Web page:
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Growing Up Fundamentalist, Part Three: Camp

In the Nick of Time

Kevin T. Bauder

One aspect of growing up fundamentalist was going to summer camp. Every fellowship of churches seemed to have a camp of its own. There were also a number of independent camps. Ours was a Regular Baptist camp located west of Traverse City, Michigan. The site had been one of Al Capone’s hideouts during the Roaring Twenties. Michigan Baptists bought the property during the late 1940s. One of the Capone-era buildings, an old hotel overlooking the lake, was still usable. So was a nine-hole golf course with “greens” made of pea gravel.

I’ve already mentioned that my father had building skills. He helped to erect the dining hall, many of the original cabins, and some of the first recreational facilities. After nearly sixty years I can still remember him setting the poles for tetherball and pouring concrete for the holes on a miniature golf course.

Most summers my parents would use their vacation time to work as counselors or kitchen help. While performing these ministries they worked with a variety of helpers from other churches, so they gradually built up a network of acquaintances. We could hardly visit those churches without meeting someone we knew. Sometimes, pastors who knew my father would ask him to lead their song services.

My parents sometimes took me with them even when I was a small child. When I grew older I attended as a camper in my own right. Preparation began weeks ahead of time with a visit to the doctor: a physical examination was required for all campers. There would be a period of several days to a couple of weeks for selecting clothing and recreational gear, followed by packing. Finally the day would arrive for the trip across the state.

Campers were transported on our little church bus. More often than not Preacher Weckle drove. Superhighways were a new thing, and none of them went near either our town or our camp. The drive entailed several hours of jolting and bouncing over secondary and tertiary roads. Campers would pass the time belting out Singspiration choruses or chattering about the activities they planned to enjoy.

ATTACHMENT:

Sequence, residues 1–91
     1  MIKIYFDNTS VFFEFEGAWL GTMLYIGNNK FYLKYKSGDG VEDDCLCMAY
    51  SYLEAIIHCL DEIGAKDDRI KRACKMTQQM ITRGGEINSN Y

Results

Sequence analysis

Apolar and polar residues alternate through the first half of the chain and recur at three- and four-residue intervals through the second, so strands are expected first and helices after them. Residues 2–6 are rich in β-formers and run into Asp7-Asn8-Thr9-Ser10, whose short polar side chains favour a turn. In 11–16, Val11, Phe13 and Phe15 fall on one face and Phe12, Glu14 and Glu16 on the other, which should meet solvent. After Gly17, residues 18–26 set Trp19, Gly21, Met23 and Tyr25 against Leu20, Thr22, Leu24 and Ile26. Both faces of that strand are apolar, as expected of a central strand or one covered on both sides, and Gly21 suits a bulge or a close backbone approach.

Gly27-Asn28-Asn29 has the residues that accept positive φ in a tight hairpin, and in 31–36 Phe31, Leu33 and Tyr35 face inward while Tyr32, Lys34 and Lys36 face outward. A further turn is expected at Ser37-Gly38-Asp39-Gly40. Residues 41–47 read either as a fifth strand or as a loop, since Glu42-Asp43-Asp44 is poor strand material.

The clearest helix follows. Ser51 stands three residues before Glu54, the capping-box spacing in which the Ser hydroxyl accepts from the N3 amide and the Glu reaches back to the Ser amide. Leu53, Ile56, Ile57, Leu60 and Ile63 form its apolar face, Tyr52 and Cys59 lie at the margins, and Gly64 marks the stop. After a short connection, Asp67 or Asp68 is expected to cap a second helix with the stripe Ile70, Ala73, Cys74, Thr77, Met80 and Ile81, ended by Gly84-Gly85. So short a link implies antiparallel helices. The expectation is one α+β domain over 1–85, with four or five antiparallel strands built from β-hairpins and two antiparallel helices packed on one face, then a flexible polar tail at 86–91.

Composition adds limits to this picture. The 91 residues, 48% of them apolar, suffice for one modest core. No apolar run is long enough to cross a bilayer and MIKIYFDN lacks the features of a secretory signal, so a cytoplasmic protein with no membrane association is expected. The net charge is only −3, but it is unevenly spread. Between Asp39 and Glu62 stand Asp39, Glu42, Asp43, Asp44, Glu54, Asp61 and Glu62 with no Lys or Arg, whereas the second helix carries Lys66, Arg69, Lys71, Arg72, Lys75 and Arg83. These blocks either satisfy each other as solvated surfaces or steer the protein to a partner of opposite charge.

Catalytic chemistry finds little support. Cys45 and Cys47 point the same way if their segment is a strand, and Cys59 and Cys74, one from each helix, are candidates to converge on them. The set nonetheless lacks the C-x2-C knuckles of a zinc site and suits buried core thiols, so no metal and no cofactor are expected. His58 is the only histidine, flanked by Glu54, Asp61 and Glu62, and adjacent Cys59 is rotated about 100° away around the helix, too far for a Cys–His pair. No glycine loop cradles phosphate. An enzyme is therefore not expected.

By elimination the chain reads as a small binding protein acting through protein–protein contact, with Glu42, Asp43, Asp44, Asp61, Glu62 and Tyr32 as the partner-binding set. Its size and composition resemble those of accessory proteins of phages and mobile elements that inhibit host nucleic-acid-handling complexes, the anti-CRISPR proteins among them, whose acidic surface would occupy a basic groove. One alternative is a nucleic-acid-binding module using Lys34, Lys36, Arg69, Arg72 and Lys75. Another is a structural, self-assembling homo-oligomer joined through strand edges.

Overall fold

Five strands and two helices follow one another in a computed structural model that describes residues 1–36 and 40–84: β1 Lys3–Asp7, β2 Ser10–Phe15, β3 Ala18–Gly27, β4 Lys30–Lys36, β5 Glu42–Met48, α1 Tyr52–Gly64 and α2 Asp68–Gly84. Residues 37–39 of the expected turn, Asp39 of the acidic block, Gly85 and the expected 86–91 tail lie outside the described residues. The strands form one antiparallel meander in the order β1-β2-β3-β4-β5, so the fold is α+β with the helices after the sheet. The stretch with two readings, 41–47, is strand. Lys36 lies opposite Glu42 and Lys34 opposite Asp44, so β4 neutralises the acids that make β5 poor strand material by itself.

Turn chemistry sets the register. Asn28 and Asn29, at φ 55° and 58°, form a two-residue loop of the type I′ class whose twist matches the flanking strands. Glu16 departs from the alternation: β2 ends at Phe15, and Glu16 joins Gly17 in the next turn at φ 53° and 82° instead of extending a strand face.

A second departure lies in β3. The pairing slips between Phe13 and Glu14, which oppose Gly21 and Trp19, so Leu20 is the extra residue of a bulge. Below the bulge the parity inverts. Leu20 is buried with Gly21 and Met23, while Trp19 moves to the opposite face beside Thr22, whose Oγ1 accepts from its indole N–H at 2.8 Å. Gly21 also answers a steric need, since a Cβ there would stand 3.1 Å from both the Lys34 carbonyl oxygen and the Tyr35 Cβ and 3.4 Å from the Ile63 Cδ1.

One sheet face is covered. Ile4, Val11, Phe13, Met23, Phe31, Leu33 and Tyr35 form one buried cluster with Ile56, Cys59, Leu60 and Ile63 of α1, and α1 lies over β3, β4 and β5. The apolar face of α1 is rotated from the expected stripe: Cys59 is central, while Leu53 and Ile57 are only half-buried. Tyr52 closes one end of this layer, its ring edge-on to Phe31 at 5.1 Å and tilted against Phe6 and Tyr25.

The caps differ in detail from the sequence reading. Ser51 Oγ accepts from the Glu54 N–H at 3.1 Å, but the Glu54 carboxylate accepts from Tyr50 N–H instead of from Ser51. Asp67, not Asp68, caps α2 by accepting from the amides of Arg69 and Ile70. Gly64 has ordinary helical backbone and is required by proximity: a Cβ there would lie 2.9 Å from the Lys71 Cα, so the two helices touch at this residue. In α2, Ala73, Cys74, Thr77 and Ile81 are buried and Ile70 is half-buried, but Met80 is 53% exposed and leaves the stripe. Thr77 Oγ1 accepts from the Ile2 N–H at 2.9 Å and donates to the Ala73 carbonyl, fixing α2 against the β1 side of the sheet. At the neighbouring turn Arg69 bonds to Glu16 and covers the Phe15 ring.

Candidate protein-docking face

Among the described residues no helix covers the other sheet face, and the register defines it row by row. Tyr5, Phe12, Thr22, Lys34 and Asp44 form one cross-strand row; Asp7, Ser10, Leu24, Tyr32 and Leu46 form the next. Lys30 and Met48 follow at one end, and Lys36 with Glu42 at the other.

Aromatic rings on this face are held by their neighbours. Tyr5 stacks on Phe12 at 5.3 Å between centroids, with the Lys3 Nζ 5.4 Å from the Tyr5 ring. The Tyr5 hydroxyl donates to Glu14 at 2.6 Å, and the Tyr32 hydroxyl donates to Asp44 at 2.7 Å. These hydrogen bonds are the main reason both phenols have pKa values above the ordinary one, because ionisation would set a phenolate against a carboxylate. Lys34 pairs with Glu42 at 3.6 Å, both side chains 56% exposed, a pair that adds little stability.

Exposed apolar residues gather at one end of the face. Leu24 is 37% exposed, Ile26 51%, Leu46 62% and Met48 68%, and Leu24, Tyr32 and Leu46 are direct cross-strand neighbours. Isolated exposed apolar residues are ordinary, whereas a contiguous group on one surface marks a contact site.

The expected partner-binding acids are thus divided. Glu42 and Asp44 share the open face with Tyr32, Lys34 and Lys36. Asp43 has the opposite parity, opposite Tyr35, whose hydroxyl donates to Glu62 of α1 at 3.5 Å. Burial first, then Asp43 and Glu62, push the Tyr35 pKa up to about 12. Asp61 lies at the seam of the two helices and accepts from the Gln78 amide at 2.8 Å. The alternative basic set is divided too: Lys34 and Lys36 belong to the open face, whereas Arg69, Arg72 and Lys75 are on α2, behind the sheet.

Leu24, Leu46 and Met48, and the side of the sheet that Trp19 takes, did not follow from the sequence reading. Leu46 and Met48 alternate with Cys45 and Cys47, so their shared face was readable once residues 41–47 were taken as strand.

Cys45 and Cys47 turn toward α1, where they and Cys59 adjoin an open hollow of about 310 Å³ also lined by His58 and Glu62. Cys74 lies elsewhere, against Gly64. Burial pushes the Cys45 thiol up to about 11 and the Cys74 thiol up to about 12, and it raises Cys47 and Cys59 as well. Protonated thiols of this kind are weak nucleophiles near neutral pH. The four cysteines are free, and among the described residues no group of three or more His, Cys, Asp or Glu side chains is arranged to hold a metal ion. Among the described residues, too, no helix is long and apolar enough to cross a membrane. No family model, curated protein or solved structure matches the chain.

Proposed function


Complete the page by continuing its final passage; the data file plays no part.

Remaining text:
Activities were indeed plentiful at camp. Much of the day was planned, but during free time campers could engage in team sports, tetherball, miniature golf, ping pong, leathercrafts, and a variety of other pursuits. Every afternoon featured swimming in the lake.

Planned activities began with calisthenics at the flag pole every morning, followed by breakfast and then cabin cleanup. We’d sit through a morning chapel service, a cabin devotional time, and a Bible or missionary hour. After lunch we always had a rest break, during which we had to stay on our bunks in our cabins. Then there would be some sort of cabin activity (usually a team sport) followed by free time until supper. Another chapel service was the last planned activity, followed by another half hour of free time. An adult counselor would always lead the cabin in devotions before lights-out.

Mealtimes were a big deal. At our camp we were served in a chow line before we found seats at one of several long tables. The food was good, helpings were generous, and seconds were almost always available. This was also a time when the camp staff clowned around with skits and songs. At the noon meal the camp director distributed the mail, including spoof letters from imaginary boyfriends and girlfriends back home.

During those years, the only paid worker at our camp was a caretaker. All other positions were filled by volunteers, usually one week at a time. The cooks, the camp nurse, the counselors, and even the lifeguards at the lake were our pastors, parents, adult friends, and other people from our churches. What these camps may have lacked in polish and professionalism they made up for in strengthened relationships both within and between our churches.